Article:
Britain’s first petrol station, Watford Gap, has reached a junction – after plans to demolish it were unveiled.
As the country’s oldest and most famous gas station prepares to hit the brakes to make way for a replacement, Lee Price reveals some fascinating facts about gas stations.
1) Known as the Blue Boar, the services were attended by a who’s who of the music industry, as touring bands regularly refueled at the Gateway to the North – including the Beatles, the Rolling Stones, Dusty Springfield, Cliff Richard and Pink Floyd as a meeting point .
US rock legend Jimi Hendrix had heard so much about the Blue Boar from friends that he assumed it was a popular London nightclub.
Watford Gap actually has nothing to do with the big city of Herts.
The services are instead named after a small village of the same name in Northants.
2) HMS Belfast’s forward-facing guns are permanently trained on the London Gateway petrol station in Scratchwood, north London.
This is no coincidence.
When the Belfast was retired into museum use, naval chiefs decided that her armament should demonstrate the range of the ship’s armament and chose the access point to the capital as the target.
3) ONE of the most unique petrol stations is Tebay on the M6, whose northbound location was deliberately chosen to provide the best views over the Lake District.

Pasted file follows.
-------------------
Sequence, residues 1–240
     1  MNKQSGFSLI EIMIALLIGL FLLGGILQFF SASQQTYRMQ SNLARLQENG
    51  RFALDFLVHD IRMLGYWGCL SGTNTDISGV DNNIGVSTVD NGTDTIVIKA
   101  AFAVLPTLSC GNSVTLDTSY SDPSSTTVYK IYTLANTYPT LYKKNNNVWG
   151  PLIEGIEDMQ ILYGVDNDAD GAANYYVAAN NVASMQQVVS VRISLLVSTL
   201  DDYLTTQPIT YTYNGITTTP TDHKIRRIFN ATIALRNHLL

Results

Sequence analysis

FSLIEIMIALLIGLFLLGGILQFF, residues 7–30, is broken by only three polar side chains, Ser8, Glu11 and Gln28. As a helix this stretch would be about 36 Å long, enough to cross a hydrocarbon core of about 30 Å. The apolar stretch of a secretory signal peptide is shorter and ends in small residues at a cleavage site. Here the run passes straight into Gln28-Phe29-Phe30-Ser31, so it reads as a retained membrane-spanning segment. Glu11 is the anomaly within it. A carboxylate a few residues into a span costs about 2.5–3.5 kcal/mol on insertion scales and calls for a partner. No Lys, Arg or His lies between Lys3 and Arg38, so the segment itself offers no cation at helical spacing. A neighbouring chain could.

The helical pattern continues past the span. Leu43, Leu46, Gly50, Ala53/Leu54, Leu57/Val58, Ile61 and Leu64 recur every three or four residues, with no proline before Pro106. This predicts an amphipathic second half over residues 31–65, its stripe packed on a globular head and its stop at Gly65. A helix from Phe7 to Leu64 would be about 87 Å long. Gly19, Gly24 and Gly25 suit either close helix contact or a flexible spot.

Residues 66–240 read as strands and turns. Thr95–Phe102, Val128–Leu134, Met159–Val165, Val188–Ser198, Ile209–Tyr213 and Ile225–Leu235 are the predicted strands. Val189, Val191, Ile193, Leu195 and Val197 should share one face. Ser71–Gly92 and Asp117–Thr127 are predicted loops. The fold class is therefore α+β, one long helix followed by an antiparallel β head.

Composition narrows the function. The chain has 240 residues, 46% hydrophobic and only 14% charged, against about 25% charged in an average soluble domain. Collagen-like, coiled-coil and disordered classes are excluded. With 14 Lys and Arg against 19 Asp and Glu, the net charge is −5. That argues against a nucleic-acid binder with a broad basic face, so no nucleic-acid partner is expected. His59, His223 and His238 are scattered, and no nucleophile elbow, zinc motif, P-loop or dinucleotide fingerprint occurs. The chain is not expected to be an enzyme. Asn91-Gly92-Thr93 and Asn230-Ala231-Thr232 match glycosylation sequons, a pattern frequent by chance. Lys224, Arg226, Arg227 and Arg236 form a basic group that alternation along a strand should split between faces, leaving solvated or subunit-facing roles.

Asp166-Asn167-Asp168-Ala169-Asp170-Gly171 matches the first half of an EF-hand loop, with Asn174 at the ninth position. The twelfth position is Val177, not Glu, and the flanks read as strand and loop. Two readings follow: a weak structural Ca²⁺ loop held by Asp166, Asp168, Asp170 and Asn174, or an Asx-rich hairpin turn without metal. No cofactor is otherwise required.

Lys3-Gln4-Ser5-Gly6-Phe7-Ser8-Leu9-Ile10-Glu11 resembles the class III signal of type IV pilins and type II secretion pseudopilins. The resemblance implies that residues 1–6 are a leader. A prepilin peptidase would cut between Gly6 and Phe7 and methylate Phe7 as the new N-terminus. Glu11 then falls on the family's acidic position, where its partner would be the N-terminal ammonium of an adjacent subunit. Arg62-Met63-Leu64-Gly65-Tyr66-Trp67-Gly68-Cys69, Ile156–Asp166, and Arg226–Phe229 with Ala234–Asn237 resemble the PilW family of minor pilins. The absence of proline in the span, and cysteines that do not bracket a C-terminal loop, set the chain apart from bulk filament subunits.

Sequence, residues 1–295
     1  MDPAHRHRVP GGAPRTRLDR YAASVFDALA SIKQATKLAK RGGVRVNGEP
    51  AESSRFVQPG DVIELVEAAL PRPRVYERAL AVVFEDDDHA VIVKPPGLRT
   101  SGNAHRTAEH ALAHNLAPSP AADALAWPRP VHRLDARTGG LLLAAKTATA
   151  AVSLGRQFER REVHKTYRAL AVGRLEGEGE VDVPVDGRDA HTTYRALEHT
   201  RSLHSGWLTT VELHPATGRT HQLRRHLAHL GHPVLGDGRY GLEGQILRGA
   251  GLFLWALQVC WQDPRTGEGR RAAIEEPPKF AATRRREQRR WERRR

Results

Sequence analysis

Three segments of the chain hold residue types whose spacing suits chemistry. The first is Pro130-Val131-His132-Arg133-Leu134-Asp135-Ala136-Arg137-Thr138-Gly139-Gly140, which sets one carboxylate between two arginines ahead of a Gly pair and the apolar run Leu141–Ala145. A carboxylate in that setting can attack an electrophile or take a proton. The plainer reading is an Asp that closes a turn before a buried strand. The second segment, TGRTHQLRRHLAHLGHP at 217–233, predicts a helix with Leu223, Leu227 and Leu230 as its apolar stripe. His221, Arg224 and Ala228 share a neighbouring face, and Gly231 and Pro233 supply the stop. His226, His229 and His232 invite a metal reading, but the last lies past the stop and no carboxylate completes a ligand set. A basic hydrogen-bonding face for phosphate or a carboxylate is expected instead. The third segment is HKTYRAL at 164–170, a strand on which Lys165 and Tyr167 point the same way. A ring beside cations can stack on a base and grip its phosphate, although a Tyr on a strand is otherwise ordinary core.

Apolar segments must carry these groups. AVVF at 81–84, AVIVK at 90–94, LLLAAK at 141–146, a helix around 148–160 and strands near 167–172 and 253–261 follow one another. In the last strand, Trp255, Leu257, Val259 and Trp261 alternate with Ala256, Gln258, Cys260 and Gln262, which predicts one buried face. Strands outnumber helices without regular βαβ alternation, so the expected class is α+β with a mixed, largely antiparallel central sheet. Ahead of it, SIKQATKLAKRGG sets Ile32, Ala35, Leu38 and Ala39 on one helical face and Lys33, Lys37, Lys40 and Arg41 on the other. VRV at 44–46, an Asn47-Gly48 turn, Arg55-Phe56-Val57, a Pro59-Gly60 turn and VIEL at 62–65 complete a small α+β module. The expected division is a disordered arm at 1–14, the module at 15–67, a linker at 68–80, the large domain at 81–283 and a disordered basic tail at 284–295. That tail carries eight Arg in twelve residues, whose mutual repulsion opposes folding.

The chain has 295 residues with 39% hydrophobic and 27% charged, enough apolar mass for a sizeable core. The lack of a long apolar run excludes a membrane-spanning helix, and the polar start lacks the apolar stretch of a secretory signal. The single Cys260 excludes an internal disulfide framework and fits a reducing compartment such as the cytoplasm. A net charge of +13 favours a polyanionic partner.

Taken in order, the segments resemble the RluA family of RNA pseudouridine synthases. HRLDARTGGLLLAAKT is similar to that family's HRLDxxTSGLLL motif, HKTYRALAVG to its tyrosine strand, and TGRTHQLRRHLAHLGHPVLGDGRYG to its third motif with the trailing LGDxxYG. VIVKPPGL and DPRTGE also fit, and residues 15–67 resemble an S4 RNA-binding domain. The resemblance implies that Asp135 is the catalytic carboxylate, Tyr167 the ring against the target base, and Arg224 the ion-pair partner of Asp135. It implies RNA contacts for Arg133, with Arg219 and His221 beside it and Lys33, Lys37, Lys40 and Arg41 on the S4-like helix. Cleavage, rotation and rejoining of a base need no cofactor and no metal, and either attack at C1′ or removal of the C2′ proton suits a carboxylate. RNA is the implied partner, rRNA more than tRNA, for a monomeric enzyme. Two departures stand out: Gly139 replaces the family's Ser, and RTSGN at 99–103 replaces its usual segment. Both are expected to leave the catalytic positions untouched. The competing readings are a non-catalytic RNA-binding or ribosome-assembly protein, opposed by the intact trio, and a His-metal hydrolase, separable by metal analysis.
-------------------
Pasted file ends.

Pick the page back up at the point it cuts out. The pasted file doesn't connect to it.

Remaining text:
There is also a duck pond and the farm shops were opened by King Charles in 2003.
4) The country’s only fully licensed pub with a petrol station is located near Beaconsfield, Bucks, on junction two of the M40.
The Hope And Champion liquor vending machine opened in 2014 to some controversy and continues to serve customers seven days a week between 7 a.m. and 10 p.m.
5) DURING the petrol station boom of the Sixties, Leicester Forest East became a glamorous, must-visit spot – for its waiters in sailor suits and a pianist playing a small grand piano.
However, the jewel of the venue was the restaurant on the bridge over the M1, so guests could watch the traffic flow past while they ate.
6) SALTASH Services in Cornwall offered motorists a place to refuel, eat and, er, drop off the kids.
In 2001, it was the only gas station in the country to have its own nursery.
7) LANCASTER Services once boasted the highest-rated restaurant in the country.
Literally – because the main restaurant was housed in a 65-foot-tall tower.
The landmark was closed in 1989, but is now a listed building.
8th) TROWELL services on the M1 in Nottinghamshire opened in 1967 with a unique Sherwood Forest theme.
Security guards wore Robin Hood hats and there was a cafe called Marion’s Pantry.
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9) IN THE 1980s, the Travelodge in Toddington, Beds, offered a “power nap” scheme where a tired traveler could rent a room for three hours, including coffee, for just £5.
Nowadays you have to register for the night.